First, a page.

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Foundations Of American GovernmentFoundations-Of-American-Government

  • Subject: U.S. History
  • |
  • Grade(s): 9-12
  • |
  • Duration: Two class periods

Lesson Plan Sections


Students will
  • Learn the traditional view of what happened during the Boston Massacre.
  • Research different perspectives of this event.
  • Have a class debate, with one side arguing that the event was a massacre and the other arguing that the American colonies provoked the British to further their own agenda.



  1. Have students view "The Story Behind the Boston Massacre" segment of the Foundations of American Government program .
  2. Briefly discuss the traditional viewpoint of the Boston Massacre: With little or no provocation, the British opened fire on unarmed colonists, an event often thought of as the first incident of the Revolutionary War.
  3. Then review what students saw in the program: Eyewitness accounts, such as testimony from the trial of the British commander and his soldiers and modern-day forensic evidence have historians reexamining the traditional account of the Boston Massacre. Ask students to list some of the questions historians are now asking. Answers may include the following:
    • Did the British really shoot for no reason?
    • Were the colonists, in fact, armed?
    • Did the colonists provoke the British soldiers?
  4. Divide students into two groups and explain that they are going to stage a debate about the Boston Massacre. Assign one group the position that the British opened fire on the colonists with little or no provocation. Assign the other group the position that the Americans provoked the British, who then acted in self-defense.
  5. Refer students to the following sites, where they can gather information to support their arguments.
  6. Give students time in class to prepare for the debate. Remind them to draft an opening statement and to think about the points they want to make in their closing arguments.
  7. During the next class period, have students hold a debate. Make sure both sides have ample time to respond to the other side's arguments and to make their closing statements.
  8. Conclude with a classroom discussion. Which side do students think had the more compelling arguments? Why was the Boston Massacre an important event in American history? What did the American colonies and the British learn from this incident?

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Use the following three-point rubric to evaluate students' work during this lesson.
  • Three points:  Students were highly engaged in class and group discussions; researched their topic and were well prepared for the debate; presented clear, well-thought and accurate arguments during the debate.
  • Two points:  Students participated in class and group discussions; researched their topic adequately and were reasonably well prepared for the debate; presented satisfactory arguments during the debate.
  • One point:  Students participated minimally in class and group discussions; did not research their topic thoroughly and were not well prepared for the debate; presented unsatisfactory arguments during the debate.

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John Adams
Definition: A patriot who also served as the lawyer for Captain Preston, commander of the British troops during the Boston Massacre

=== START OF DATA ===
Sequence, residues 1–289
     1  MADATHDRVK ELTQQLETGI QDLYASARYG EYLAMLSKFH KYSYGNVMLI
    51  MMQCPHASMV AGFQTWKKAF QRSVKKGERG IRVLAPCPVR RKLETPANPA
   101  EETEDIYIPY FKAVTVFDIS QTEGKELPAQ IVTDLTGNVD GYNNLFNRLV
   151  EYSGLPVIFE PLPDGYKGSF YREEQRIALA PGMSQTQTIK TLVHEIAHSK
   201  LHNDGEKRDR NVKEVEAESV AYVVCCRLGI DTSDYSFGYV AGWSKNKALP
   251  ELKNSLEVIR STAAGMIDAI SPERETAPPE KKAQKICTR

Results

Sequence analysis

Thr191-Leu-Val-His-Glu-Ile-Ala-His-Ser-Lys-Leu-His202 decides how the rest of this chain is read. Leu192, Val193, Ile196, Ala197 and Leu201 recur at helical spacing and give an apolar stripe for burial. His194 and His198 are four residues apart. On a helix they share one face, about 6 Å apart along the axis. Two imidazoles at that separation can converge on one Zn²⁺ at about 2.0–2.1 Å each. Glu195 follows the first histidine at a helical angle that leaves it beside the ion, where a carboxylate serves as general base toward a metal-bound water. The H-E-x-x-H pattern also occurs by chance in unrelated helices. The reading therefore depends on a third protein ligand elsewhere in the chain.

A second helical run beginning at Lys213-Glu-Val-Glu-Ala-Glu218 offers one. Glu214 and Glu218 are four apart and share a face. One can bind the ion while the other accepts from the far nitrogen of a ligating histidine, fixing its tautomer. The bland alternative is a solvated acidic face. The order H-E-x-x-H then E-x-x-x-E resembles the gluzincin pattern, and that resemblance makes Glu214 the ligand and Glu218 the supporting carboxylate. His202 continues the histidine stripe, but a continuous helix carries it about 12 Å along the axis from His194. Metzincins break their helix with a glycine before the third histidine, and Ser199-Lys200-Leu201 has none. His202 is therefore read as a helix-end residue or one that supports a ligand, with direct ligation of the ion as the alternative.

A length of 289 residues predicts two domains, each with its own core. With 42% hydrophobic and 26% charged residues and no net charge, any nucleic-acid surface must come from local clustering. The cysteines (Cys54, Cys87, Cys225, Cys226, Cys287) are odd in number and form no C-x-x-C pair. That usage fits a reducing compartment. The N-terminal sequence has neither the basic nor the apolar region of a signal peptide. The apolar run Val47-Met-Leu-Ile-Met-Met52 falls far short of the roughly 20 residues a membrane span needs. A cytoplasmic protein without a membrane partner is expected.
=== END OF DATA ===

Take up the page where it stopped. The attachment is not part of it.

Context: John Adams was a masterful lawyer, and his persuasive arguments were one of the main reasons that Captain Preston was not found guilty of murder.

Crispus Attucks
Definition: Considered one of the leaders of the American colonists involved in the Boston Massacre; he was killed during the event.
Context: The history books claim that Crispus Attucks' blood was the first spilled in the cause of America's liberty.

Boston Massacre
Definition: The event that took place outside the State House on March 7, 1770, during which five colonists died and three were wounded
Context: Historians are still debating whether, during the Boston Massacre, the British soldiers opened fire for no reason or acted in self-defense.

Captain Preston
Definition: The commander of the British troops during the Boston Massacre
Context: Acoustical studies done by present-day engineers indicate that because Captain Preston had his back to his troops during the shooting, it was highly unlikely that they would have heard an order to fire even if he had given it.

Paul Revere
Definition: A patriot, artist, and silversmith; he produced an engraving that was thought to be the definitive statement about the Boston Massacre.
Context: Paul Revere's engraving, which shows the British soldiers lined up shooting the colonists, has been effective in conveying a particular point of view about the Boston Massacre.

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Academic Standards

Mid-continent Research for Education and Learning (McREL)
McREL's Content Knowledge: A Compendium of Standards and Benchmarks for K-12 Education addresses 14 content areas. To view the standards and benchmarks, visit
This lesson plan addresses the following national standards:

  • U.S. History: Era 3-Understands the causes of the American Revolution, the ideas and interests involved in shaping the revolutionary movement, and reasons for the American victory
  • Historical Understanding-Understands the historical perspective
  • Language Arts: Viewing-Uses viewing skills and strategies to understand and interpret visual media

The National Council for the Social Studies (NCSS)
NCSS has developed national guidelines for teaching social studies. To become a member of NCSS, or to view the standards online, go to
This lesson plan addresses the following national standards:

  • Time, Continuity, and Change
  • Power, Authority, and Governance

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